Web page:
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Ancient Armenia gave faith an alphabet

By Rich Barlow | October 29, 2005

Few birthdays are cause for a global scholars’ conference at Harvard, but they’re raising a metaphorical glass in Cambridge to toast the Armenian alphabet. It’s not just that at 1,600 years old the alphabet makes Methuselah look like a youngster. These three dozen letters gave a written language of faith to a pivotal country in Christian history.

Years before the Roman emperor Constantine’s famous conversion, Armenia was the first country to adopt Christianity as its state religion, in the year 301. At the time, Armenian was a spoken tongue only, meaning worshipers relied on translators during services to interpret a Bible that was written in other languages.

”Bare oral translations,” an Armenian theologian later wrote, ”were insufficient to satisfy the aspirations of the heart.”

A fifth-century priest, Mesrob Mashtotz, sated those aspirations, devising a 36-letter script (two more letters were added later) so the Old and New Testaments could be rendered in Armenian. For Armenians worldwide, including the Armenian Apostolic Church, religion and language would become intertwined as the life supports keeping the nation’s culture and heritage alive outside the homeland, says James R. Russell, Mesrob Mashtotz professor of Armenian studies at Harvard.

The two-day conference, which ends today, featured a speech last night by one of two leaders of the Armenian Apostolic Church, Aram I, who is on an American tour.

From the life spans of Biblical figures to the millenia-long survival of Christianity itself, longevity is a leitmotif of religion, and Mashtotz’s alphabet is another case in point. His Armenian is phonetic, and its spelling has survived with little change, making it ”very easy for an Armenian schoolchild to pick up a manuscript 1,000 years old and read it,” says Russell. (Armenian and Protestant clerics, however, have undertaken a translation of the Bible into updated Armenian.)

The first words Mashtotz transcribed with his new alphabet were from the introduction to the Book of Proverbs, ”that men may appreciate wisdom.” The alphabet gave birth not just to an Armenian-language Bible but to translations of other Christian texts and a voluminous scholarship.

The effects spilled over beyond Armenia’s border; for example, Russell says that many works of Philo of Alexandria, the great Jewish theologian of the Greco-Roman era, have come down to us only because they survived in Armenian and subsequently were translated into Greek.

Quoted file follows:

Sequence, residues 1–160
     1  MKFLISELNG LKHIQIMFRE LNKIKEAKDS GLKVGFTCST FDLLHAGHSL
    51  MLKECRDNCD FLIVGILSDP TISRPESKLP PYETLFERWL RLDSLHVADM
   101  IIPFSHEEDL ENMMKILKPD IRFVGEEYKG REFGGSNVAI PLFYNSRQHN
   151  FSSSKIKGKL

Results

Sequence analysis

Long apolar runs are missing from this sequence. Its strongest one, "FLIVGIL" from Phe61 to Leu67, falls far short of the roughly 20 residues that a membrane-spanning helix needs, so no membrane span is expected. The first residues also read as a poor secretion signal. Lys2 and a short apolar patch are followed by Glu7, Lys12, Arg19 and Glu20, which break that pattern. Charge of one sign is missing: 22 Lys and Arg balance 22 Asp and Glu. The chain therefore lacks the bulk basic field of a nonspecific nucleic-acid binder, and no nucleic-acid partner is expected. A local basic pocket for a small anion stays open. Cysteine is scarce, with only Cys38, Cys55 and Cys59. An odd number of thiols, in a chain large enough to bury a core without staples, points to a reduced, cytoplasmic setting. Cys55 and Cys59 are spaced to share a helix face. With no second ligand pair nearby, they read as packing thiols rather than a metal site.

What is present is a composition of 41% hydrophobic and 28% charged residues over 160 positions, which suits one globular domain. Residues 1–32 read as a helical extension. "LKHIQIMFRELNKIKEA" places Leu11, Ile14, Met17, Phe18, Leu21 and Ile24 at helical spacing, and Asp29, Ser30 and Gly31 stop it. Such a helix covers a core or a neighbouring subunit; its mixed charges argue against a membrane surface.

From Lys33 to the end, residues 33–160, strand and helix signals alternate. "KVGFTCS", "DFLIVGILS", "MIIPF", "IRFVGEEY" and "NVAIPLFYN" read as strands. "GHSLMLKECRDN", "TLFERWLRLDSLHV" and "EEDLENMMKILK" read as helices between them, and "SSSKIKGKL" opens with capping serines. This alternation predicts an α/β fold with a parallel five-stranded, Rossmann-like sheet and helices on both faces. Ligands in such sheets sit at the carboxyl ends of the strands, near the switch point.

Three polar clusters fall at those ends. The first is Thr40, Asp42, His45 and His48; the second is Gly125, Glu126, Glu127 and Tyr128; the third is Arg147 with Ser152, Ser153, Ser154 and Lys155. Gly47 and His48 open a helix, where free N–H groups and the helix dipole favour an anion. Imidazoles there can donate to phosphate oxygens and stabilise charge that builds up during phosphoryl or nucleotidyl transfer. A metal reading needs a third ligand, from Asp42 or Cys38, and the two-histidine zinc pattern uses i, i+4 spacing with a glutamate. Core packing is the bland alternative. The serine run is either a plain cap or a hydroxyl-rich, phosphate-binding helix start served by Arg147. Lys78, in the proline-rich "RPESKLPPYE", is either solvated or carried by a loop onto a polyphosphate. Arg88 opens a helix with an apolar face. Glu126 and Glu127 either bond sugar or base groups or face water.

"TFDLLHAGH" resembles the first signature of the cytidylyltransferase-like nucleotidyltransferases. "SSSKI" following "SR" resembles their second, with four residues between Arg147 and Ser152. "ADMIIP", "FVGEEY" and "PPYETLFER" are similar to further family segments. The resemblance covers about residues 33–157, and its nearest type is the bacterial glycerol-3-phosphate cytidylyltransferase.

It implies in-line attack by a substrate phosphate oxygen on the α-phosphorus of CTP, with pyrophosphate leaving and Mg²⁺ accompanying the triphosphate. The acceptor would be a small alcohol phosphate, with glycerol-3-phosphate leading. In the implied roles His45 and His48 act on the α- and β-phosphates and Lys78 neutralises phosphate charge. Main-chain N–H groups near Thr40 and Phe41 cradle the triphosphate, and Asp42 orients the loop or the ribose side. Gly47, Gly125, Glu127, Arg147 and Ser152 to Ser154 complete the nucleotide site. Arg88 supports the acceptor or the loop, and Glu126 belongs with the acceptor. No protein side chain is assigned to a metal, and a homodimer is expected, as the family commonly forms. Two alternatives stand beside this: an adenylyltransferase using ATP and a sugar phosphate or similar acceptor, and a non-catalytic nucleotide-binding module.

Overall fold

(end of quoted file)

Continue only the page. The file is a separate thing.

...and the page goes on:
The language written by a holy man for religious purposes became the very muscle of Armenian national identity. While Joseph Stalin force-fed the Russian alphabet to several conquered peoples of the Soviet Union, Armenian was one of the rare languages he left untouched, says Russell. The dictator, ”being from the Caucasus [where Armenia is located], knew when to keep hands off,” Russell argues. After a brutal history that included Soviet domination and a genocide by the Ottoman Empire (though modern Turkey disputes the use of that term to describe the slaughter), millions of Armenians live abroad, including about 1 million in the United States. Although Armenia gained freedom after the Soviet Union disintegrated in 1991, political turmoil and poverty have swollen the diaspora, with an estimated million Armenians leaving the homeland since independence.

Aram I’s extended tour — he’s visiting various American cities in addition to the Boston area — is in observance of two anniversaries, the alphabet’s and that of the Antelias Seminary, the 75-year-old institution in Lebanon that has educated generations of Armenian clergy. Aram lives in Antelias, where his branch of the church, the house of Cilicia, is based. (A second branch under another catholicos, or spiritual leader, operates out of Armenia.)

”Most of our candidates for the priesthood, wherever they’re from, usually go through that seminary,” says the Rev. Antranig Baljian, the pastor of St. Stephen’s Armenian Apostolic Church in Watertown, where Aram presided at a welcoming service this week. ”I’ve done it; my son’s done it.”

A key thrust of Aram’s visit is to raise money to endow the seminary, as well as raise its profile. ”Even though that’s a seminary where many of our priests in America have attended,” says Baljian, ”our people don’t know about the seminary generally, the rank and file.”

Aram is treading on familiar territory. St. Stephen’s is part of the Armenian church’s Eastern Prelacy, which runs south to Florida and west to Wisconsin. The prelacy has five Massachusetts parishes with about 2,000 member families, and St. Stephen’s is the largest. This will be the third visit by the catholicos to that parish in the last decade.

Says Baljian, ”He always comes to Watertown.”

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